Since mid-January, a group of illegally laid off Cambodian garment workers – mostly women – have been picketing the factory they worked in. Their objective was to stop the company, which closed down owing the workers, collectively, about US$200,000 of unpaid wages, from removing the equipment from the factory.

Bradley Manning is the US soldier alleged to have leaked hundreds of thousands of secret US documents to WikiLeaks. The documents exposed serious war crimes and corruption by the US and other governments. He has been imprisoned by US authorities without trial since 2010. The Bradley Manning Support Network reports below on the latest developments.

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WikiLeaks released the statement below on February 7 in response to revelations the FBI had sent agents to interrogate a young man in Iceland over WikiLeaks’ activities – even after the Icelandic government ordered the agents to leave.

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Analysis

The statement below was released by the Socialist Alliance on March 2.

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Legal proceedings are under way against long-term trade union and community activist Bob Carnegie. The case has serious implications for trade union rights and broader civil liberties.

Australian Foreign Affairs Minister Bob Carr, US Ambassador to Australia Jeffrey Bleich, and writer and activist Eva Cox took part in the ABC’s Q&A on February 25. More than 15 minutes of the program was spent discussing WikiLeaks journalist Julian Assange.

Vincent Emanuele is from the Iraq Veterans Against the War in the United States. He recently visited Australia to promote the documentary film On The Bridge which follows seven returning service men and women.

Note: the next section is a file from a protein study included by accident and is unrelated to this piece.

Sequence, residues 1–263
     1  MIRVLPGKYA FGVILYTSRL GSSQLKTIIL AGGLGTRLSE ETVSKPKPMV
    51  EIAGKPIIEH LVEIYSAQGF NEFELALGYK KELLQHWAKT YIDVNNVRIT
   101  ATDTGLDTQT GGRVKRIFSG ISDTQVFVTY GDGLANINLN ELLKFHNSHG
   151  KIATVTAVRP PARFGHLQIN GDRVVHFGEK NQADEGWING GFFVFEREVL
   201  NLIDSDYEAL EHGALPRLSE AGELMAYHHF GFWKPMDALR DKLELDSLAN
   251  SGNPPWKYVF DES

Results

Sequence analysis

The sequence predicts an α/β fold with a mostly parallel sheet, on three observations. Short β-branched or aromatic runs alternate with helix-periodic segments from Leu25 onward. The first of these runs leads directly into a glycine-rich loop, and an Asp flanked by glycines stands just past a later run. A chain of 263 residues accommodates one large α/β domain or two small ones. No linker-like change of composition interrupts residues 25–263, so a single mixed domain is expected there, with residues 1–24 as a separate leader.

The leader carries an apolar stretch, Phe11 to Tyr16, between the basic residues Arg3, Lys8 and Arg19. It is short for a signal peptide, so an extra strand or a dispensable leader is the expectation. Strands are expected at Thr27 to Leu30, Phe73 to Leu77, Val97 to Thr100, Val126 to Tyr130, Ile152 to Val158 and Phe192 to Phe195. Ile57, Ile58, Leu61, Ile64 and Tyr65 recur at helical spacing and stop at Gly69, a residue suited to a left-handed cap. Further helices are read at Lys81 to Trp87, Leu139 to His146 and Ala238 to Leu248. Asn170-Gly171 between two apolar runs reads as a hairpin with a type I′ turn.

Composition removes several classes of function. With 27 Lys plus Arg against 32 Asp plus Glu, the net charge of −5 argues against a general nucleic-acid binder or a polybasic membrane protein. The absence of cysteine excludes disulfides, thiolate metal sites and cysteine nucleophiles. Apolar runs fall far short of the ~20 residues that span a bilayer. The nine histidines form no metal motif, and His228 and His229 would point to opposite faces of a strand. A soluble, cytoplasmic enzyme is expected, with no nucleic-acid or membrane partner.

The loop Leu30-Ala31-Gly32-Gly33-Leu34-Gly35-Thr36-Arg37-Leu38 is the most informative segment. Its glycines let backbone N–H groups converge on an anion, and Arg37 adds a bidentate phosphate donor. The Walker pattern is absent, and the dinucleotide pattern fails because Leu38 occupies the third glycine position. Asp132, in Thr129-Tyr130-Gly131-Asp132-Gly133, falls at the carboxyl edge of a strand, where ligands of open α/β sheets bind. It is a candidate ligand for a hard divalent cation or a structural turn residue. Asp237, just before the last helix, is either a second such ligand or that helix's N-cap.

This is an edited version of a speech that he gave to a forum hosted by the Marrickville Peace Group, the Independent and Peaceful Australia network and Stop the War Coalition in Sydney on February 26.

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In the week that US citizen Bradley Manning admitted in court that he leaked military secrets to reveal to the public the “the true costs of war”, I attended the first screening in Sydney of the documentary On The Bridge.

The screening was part of the inaugural Big Picture Festival, a social justice film festival.

This is an extract from Towards a socialist Australia, produced by the Socialist Alliance and its affiliate, Resistance. Read the first installment in last week's issue of Green Left, and the full text online on the Socialist Alliance website. ***

The federal government said on February 23 it would introduce several changes to the 457 temporary visa program, to take effect from July. The proposals were applauded by the Australian Council of Trade Unions (ACTU) and criticised by big business. The 457 visa system is a highly exploitative, insecure and discriminatory visa system, originally introduced under the former John Howard government. Once elected, the ALP kept the visa class in place as a favour to big business, tinkering with it rather than abolishing it in favour of strengthening permanent skilled migration.

The federal Coalition has used the alleged sexual assault of a young woman on Macquarie University to call for increased monitoring of asylum seekers.